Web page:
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Foursome Across the Board

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The Amernet Quartet, a frequent visitor to Maverick Concerts in recent years, is now on a mission—a very odd mission. The composer Jeffery L. Briggs, who in recent years seems to have been writing mostly music for video games he created, took on the quixotic project of arranging all of Beethoven’s Piano Sonatas for string quartet—even the one Beethoven himself arranged (Op. 14 No. 1). The Amernets are learning all of these arrangements and intend to perform all of them.

Last year, the ensemble played its first of these at a Maverick Concert, the familiar “Pathétique” Sonata. That version sounded respectful enough, perhaps even a little too respectful. (Beethoven’s transformation of Op. 14 No. 1 takes far more liberties.) This time, we got Briggs’s arrangement of the “Pastorale” Sonata, in D, Op. 28; it worked much better. With minimal changes to Beethoven’s writing, Briggs has turned this music into a pretty convincing string quartet. If I didn’t know the original, I might have been fooled into thinking this was original string quartet music.

Perhaps the difference in success is due to the nature of the music. The “Pathétique” is turbulent, dramatic music. Of course Beethoven wrote plenty of turbulent, dramatic music for string quartet, but this piano music didn’t translate well. The “Pastorale” is much gentler music, and it translated quite well indeed. Briggs made effective use of such devices as cello pizzicato, and he reinforced some inner voices by giving them to the viola, where they were more prominent than they usually are on the piano.

The third movement Scherzo came across too legato in this time, losing some of its crispness. Overall, though, the account was very effective. Though the traversal proved enjoyable, I remain uncertain that Beethoven’s Piano Sonatas need to be played by a string quartet.

Programming the four String Quartets Shostakovich which wrote in the 1960s formed another sub-project of this summer’s Maverick Concerts. The thematic pretense, “Woodstock in the Spirit of the ‘60s,” seemed a little farfetched, but this music is welcome under any circumstances and it’s still under-performed. This afternoon’s work, the Quartet No 12, in D-flat Major, Op. 133, is one of the strangest of Shostakovich’s often-strange quartets. It’s in two movements, each in several sections, the second one three times as long as the first. Shostakovich was definitely in an experimental phase when he wrote it. There’s a 12-tone row hidden in the first movement, and most of the second is clearly atonal, although it does return to tonality near the end.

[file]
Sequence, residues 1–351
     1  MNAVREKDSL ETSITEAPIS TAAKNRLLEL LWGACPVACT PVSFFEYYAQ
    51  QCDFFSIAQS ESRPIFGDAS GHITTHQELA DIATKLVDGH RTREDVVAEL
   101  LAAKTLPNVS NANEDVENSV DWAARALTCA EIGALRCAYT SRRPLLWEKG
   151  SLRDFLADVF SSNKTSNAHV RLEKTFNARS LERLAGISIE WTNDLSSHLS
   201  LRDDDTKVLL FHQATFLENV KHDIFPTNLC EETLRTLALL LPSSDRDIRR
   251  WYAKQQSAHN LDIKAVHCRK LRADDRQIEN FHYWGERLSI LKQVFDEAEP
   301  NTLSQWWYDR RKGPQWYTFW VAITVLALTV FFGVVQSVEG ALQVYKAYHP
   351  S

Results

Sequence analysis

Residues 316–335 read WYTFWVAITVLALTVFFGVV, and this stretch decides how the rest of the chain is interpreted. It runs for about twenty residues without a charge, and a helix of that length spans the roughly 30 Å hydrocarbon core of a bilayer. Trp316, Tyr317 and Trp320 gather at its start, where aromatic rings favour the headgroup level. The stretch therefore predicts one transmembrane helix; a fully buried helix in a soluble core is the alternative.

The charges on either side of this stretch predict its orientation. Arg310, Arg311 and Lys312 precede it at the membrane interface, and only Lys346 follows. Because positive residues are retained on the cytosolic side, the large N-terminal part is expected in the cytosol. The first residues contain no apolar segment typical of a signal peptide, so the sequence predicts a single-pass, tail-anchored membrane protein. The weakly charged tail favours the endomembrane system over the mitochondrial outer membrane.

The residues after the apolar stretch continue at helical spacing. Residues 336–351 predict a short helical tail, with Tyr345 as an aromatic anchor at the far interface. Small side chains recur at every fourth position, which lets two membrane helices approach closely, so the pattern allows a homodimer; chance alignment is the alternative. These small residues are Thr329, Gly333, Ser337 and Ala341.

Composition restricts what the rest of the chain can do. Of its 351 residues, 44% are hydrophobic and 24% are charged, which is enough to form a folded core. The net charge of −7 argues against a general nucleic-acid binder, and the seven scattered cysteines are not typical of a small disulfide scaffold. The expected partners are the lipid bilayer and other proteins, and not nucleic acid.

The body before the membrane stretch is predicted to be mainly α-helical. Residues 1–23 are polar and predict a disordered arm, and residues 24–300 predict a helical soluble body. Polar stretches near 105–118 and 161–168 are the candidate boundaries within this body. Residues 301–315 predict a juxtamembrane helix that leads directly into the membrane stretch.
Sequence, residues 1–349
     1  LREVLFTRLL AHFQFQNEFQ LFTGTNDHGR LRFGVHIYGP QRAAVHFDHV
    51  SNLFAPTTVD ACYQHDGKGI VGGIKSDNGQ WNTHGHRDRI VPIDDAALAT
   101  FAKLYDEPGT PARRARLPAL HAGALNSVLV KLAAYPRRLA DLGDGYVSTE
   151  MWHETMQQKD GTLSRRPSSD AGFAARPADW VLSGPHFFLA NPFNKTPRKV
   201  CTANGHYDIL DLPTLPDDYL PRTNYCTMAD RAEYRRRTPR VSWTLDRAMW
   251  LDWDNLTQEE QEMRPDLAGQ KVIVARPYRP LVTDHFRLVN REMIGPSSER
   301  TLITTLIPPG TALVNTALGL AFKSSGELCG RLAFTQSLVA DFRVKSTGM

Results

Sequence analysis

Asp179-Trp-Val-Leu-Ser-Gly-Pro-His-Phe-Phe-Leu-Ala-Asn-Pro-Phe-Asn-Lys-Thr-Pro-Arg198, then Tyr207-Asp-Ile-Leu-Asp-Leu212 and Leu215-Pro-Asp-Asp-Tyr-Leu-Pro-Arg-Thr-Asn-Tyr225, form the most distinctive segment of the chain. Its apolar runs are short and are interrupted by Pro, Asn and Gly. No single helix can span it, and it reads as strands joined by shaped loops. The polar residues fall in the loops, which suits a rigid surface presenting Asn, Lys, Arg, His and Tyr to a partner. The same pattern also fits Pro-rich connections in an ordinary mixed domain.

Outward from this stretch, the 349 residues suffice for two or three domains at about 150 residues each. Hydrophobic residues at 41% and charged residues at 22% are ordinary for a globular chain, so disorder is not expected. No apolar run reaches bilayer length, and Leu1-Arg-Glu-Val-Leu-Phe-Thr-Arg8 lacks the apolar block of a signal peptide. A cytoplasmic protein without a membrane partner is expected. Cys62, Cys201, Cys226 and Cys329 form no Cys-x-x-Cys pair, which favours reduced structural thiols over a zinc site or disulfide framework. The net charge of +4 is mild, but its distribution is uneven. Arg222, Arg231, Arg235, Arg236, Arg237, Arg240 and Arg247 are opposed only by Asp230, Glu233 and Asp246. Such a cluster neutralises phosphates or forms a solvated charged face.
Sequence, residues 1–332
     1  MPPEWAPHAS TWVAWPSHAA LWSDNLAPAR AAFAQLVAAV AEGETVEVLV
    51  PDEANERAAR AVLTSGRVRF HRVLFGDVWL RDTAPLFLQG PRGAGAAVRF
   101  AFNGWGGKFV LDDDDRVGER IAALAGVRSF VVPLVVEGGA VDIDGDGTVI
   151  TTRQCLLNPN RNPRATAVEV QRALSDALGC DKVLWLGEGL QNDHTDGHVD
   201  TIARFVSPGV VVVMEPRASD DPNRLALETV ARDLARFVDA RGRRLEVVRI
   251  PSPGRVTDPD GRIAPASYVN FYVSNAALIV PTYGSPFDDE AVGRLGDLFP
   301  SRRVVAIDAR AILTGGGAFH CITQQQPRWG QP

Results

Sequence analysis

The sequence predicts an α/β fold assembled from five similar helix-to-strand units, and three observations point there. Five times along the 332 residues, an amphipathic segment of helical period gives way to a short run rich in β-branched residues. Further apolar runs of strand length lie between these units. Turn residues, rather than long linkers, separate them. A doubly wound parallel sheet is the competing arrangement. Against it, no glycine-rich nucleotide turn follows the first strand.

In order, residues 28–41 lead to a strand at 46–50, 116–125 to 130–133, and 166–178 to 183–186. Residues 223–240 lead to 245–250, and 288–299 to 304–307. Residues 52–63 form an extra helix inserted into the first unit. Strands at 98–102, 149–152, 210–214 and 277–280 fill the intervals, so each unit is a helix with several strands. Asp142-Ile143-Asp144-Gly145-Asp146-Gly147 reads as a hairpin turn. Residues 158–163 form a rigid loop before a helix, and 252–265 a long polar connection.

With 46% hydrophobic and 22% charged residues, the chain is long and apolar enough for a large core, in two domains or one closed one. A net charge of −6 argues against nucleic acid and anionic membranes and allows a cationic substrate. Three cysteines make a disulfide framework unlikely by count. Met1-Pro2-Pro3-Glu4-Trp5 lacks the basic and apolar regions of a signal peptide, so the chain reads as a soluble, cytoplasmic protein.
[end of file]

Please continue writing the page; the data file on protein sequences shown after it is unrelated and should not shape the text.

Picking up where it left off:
Amernet String Quartet (file photo)

Although the general sound of the Amernet Quartet remained identifiable, its versatility was impressive. There wasn’t a grim moment in the Beethoven, but the Shostakovich sounded grim from beginning to end. This isn’t as frightening as some of Shostakovich’s quartets (most famously the Eighth), but it contains not the smallest dollop of happiness. The players reinforced their interpretation with a notable lack of vibrato, which sounded completely appropriate. Oddly enough, next week we’ll be hearing the Pacifica Quartet, which has recorded the complete Shostakovich cycle, with no Shostakovich.

For maximum contrast, and to please Maverick’s Music Director Alexander Platt, the concert concluded with his favorite Dvořák quartet, No. 13, in C Major, Op. 61. The Czech master wrote too many wonderful examples for me to pick a favorite, but I might agree that this is the most unjustly neglected one. It’s just plain gorgeous from beginning to end, with a third movement so dancy that you could arrange it for orchestra and add it to the Slavonic Dances.

Having spent some of my time recently listening to 19th-century style performances by early recording musicians, I have to say that my own enjoyment of this music would be enhanced by some 19th-century flexibility of rhythm and maybe even some portamento. But that’s too much to expect these days, aside from the problem that listeners unacquainted with the style would laugh the performers off the stage. So I decided to be content with this sensitive, mellow take, and relish the occasional slight relaxation of tempo. The harmonies sounded particularly beautiful. And I noticed, to my amusement, the composer’s use of cello pizzicato, a feature of all three works on this program.

I’ll look forward to hearing the Amernet Quartet again next summer. I just hope they don’t try to play Beethoven’s “Hammerklavier” Sonata.

Leslie Gerber, who lives in Woodstock, New York, has been reviewing professionally since 1966, for such venues as Performance Today, Fanfare, and Amazon.com. He also publishes the Parnassus Records label.

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